Flags of Canada: Métis to Lou-Ann Neel…

the-metis-flag-dates-from-1816-and-is-the-oldest-patriotic-flag-indigenous-to-canada-the-figure-of-eight-symbolizes-infinity1Métis flag, 1816

800px-flag_of_the_patriote_movement_lower_canada-svgPatriote movement, Lower Canada, 19th century

the-red-ensign-canada-official-flag-from-the-1890s-till-1965-sometimes-the-union-jack-was-flown-instead1Altered Red Ensign, Canada’s flag from the 1890s till 1965

canadas-national-flag_a-young-flag-it-was-designed-in-1965Canada’s current flag, designed in 1964, adopted in 1965

flag-of-the-iroquois-confederacy_1980sFlag of the Iroquois Confederacy, 1980s

native-pride-canadian-flag-from-1990s_from-kahnawake2Native Pride flag from Kahnawake, 1990s

flag-of-the-haida-peopleFlag of the Haida People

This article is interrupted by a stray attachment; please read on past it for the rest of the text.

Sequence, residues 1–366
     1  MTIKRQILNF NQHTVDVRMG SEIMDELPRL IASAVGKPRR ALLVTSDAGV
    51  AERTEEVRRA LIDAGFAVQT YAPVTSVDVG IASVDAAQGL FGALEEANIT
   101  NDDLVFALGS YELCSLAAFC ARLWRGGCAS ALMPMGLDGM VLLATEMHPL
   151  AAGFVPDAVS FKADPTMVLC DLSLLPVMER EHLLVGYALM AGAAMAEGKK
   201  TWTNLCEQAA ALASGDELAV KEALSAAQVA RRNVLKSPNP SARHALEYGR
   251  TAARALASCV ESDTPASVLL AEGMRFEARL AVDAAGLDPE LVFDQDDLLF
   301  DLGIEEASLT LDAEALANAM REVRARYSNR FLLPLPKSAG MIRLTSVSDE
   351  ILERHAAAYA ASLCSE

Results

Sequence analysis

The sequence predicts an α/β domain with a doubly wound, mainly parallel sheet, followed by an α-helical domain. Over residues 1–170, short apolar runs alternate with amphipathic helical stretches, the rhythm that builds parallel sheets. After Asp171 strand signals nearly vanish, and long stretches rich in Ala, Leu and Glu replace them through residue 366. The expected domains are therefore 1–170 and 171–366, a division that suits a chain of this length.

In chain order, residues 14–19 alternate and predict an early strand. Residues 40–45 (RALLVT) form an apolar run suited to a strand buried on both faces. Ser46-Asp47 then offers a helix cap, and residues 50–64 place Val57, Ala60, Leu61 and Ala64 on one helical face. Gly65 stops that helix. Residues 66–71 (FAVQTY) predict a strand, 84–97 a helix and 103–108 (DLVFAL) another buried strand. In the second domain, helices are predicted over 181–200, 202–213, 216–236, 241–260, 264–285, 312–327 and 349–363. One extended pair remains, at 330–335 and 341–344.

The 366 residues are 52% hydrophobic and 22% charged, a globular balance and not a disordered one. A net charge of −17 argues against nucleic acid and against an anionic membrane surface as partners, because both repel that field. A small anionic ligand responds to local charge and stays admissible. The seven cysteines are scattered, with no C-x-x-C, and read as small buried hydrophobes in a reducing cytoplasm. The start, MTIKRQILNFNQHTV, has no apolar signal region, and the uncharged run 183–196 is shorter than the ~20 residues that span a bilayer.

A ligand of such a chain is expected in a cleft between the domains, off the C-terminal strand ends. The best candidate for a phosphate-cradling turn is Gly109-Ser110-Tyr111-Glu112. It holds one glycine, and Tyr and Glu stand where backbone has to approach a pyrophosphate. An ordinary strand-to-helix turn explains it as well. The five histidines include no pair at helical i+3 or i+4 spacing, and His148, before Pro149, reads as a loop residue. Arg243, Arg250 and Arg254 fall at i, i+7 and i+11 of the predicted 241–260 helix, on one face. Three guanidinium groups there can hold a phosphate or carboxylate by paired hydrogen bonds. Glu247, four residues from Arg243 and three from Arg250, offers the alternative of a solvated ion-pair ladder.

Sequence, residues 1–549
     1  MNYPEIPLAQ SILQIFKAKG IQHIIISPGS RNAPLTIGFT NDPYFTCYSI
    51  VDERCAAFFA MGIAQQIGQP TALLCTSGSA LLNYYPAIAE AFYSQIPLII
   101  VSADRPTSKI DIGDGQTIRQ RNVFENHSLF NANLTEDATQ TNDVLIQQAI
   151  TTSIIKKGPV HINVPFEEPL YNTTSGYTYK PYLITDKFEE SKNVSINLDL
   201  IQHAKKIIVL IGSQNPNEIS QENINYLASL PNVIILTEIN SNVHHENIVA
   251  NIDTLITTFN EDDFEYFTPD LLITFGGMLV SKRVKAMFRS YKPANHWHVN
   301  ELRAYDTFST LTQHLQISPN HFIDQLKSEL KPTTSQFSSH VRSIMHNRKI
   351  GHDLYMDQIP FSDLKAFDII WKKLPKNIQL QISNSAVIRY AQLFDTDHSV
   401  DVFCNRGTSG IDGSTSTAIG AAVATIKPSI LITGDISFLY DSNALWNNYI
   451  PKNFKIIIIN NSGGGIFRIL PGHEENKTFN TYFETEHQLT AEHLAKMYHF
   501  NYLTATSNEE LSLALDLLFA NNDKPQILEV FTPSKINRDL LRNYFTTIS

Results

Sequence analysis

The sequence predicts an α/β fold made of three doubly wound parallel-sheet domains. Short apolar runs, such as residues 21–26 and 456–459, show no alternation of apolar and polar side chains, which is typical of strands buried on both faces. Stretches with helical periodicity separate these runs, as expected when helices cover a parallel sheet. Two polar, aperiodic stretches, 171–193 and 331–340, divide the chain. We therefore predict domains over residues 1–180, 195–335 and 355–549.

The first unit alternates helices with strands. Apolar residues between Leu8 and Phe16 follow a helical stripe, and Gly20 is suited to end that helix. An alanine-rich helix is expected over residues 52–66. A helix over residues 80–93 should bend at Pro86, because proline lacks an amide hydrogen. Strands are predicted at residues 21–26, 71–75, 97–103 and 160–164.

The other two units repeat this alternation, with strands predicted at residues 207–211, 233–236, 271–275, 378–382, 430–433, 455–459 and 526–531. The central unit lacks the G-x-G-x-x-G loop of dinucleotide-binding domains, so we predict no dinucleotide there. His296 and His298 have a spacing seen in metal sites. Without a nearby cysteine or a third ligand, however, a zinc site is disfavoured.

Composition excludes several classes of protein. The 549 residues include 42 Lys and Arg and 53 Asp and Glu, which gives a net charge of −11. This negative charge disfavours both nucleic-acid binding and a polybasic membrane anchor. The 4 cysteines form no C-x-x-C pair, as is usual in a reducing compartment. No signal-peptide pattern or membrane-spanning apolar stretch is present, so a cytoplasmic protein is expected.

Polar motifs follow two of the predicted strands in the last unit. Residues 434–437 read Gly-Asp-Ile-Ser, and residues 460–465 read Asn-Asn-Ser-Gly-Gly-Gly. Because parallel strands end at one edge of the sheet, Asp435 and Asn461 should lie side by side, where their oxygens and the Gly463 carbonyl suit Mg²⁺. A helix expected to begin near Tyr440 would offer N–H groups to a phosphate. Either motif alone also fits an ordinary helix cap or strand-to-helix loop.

nunavut-flag_1999Nunavut, Canada’s newest territory, 1999

zp_an-imaginative-re-design-of-the-canada-flag-by-mulidzas-curtis-wilson-native-artist-from-campbell-river-b-c2Mulidzas Curtis Wilson of Campbell River, B.C.: an imaginative re-design of Canada’s national flag

LouAnn Neel_ReDesign of Canadas National FlagLou-Ann Neel’s re-design of Canada’s national flag…

She writes:
“I originally created this design to express how I see this country we call ‘Canada’. Canada is often referred to as a ‘mosaic or tapestry of multiculturalism’, and for me, as a textile artist, I thought it would be fitting to take the idea of a tapestry and the flag of Canada, and apply my own cultural and artistic practices to it.
I transformed the iconic Maple Leaf into a Raven. I chose Raven because he is known in many of our legends as a Transformer, a Messenger and a Trickster. I thought this would be an interesting and intentional use of symbols to challenge our thinking around the body politic and its intentions.”

.     .     .

“Lest We Forget…”